Nearly every single bar on H Street east of 7th Street NE has agreed to this restriction, which is contained in the standard Advisory Neighborhood Commission (ANC) 6A settlement agreement, and dates to as early as 2004. Many bars in Adams Morgan have agreed to similar language in their agreements with the neighborhood. Why would a bar willingly agree to such a restriction? To simplify things a bit, in DC, if you are a bar or a restaurant and you want to serve booze, you need to obtain a liquor license from the Alcohol Beverage Regulation Administration (ABRA). Before granting a license, groups of neighbors and/or the local ANC (which serves as an elected neighborhood council) have the chance to protest the granting of the license (usually because it would impact the “peace, order, and quiet of the neighborhood”). If protested, ABRA will hold a hearing, giving “great weight” to any opinion made by the local ANC, and decide whether to grant or deny the license. To avoid the protest & hearing, however, bars and restaurants often agree to a settlement agreement (until recently they were given the misnomer “voluntary agreement”) where the bar agrees, in exchange for the neighbors or ANC dropping or not filing a protest, to a host of restrictions (e.g. hours for the patio, signage, when trash can be taken out) that essentially become part of the terms and conditions of the license and as a result–any violation can lead to consequences (e.g. fines) enforced by ABRA.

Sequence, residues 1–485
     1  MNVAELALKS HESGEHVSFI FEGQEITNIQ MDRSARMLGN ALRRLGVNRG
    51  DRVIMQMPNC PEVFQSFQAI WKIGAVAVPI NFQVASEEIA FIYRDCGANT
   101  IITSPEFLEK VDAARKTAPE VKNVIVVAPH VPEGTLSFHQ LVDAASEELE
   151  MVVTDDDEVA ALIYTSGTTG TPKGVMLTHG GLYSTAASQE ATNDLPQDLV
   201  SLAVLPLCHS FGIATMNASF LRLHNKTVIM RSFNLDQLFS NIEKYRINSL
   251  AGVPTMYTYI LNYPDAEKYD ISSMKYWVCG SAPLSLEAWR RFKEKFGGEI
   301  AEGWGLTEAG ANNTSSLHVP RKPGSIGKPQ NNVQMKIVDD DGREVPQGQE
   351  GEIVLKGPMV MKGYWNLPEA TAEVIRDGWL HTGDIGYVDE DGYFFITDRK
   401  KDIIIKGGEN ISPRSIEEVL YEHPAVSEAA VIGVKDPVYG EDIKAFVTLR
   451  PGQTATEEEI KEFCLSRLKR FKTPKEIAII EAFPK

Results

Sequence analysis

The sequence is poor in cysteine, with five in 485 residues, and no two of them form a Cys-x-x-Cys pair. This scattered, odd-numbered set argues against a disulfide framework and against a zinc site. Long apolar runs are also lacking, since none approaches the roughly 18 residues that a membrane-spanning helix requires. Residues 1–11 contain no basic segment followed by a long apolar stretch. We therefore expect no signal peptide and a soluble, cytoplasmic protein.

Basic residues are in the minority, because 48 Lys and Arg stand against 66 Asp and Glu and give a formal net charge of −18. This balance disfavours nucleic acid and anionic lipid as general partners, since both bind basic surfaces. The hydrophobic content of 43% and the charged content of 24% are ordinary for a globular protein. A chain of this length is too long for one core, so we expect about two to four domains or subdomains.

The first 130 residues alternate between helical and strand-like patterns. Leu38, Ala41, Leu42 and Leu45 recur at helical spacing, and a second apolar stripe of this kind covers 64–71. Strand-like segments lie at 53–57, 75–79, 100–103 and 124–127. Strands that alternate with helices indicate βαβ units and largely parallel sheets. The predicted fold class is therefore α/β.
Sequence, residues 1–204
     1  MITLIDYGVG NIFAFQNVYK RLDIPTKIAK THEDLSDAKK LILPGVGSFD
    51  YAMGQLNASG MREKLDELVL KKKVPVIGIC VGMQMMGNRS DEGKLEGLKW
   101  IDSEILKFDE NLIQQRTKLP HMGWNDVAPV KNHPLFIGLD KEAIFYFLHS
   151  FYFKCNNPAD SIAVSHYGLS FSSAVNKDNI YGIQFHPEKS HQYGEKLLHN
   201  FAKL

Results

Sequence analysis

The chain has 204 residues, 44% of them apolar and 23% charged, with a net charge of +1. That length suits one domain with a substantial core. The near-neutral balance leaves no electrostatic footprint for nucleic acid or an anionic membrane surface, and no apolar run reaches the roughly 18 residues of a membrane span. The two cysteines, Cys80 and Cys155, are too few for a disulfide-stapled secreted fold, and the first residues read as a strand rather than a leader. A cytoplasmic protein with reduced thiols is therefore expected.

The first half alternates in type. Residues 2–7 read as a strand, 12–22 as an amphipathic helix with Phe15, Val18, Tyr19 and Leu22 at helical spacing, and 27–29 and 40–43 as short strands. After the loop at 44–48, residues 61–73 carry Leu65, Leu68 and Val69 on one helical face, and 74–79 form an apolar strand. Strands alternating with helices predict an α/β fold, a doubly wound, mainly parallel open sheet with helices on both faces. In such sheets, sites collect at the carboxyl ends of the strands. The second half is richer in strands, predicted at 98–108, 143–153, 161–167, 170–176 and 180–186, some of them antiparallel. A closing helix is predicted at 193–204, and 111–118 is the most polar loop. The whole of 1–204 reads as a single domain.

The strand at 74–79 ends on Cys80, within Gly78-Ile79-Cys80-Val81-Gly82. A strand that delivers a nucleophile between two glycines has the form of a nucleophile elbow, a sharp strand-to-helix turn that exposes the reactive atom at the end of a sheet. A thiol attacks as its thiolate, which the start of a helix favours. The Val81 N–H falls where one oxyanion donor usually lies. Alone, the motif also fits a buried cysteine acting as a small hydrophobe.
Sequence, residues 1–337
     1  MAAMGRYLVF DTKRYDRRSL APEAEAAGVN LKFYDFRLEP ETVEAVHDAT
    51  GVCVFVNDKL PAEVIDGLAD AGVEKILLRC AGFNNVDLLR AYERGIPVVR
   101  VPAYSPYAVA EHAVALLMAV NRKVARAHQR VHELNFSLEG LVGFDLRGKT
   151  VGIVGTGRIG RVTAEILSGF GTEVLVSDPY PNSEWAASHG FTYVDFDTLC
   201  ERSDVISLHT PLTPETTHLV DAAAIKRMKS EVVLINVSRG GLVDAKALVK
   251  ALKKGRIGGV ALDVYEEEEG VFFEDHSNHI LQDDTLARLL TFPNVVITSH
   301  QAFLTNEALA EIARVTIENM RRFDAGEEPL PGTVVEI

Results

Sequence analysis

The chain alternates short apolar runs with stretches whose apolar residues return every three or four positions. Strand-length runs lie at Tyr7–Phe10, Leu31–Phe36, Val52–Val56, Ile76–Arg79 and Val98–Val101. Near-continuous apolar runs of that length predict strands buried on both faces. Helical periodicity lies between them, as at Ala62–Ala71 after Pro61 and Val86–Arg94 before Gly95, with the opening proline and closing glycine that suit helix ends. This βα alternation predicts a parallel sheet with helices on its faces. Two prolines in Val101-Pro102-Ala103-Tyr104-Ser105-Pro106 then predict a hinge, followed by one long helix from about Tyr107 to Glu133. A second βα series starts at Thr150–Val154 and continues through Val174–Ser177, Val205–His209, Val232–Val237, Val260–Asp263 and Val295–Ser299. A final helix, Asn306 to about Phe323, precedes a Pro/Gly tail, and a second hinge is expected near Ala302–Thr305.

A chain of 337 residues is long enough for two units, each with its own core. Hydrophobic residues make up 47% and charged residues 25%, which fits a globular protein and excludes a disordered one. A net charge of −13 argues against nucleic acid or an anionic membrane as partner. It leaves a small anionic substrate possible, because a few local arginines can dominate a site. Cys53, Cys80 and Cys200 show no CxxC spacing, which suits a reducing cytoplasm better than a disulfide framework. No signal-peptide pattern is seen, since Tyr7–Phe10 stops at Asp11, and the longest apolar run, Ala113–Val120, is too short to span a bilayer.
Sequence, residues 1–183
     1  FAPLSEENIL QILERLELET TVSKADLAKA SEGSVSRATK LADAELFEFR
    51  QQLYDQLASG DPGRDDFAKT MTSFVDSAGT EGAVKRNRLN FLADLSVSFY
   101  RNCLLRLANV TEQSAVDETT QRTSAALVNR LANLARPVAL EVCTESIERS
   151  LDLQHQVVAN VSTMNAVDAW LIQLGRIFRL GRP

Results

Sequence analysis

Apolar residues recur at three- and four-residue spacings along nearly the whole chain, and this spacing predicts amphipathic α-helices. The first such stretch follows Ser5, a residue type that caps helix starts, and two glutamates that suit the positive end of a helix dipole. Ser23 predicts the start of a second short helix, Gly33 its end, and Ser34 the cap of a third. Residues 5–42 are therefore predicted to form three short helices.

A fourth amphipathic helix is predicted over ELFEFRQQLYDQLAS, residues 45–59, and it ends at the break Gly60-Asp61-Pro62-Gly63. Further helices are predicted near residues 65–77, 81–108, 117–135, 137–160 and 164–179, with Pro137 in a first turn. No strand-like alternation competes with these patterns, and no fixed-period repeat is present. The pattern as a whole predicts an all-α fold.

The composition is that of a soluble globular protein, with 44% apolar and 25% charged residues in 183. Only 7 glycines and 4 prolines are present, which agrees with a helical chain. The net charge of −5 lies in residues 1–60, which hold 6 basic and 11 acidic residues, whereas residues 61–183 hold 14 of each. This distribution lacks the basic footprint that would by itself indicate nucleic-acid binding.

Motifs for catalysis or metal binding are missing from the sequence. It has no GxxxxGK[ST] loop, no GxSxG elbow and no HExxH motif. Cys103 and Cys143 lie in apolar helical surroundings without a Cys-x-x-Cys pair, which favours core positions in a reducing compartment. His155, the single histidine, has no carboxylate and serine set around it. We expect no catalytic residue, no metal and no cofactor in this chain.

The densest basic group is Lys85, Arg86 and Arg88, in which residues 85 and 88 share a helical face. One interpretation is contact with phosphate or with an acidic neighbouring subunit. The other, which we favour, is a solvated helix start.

So, to avoid delays and the possibility of being without a liquor license, bars in ANC 6A, which includes nearly every H Street bar east of 7th Street NE, many Adams Morgan bars, and a few others in DC have agreed to not promote or participate in bar crawls.
What is the legal definition of a pub crawl?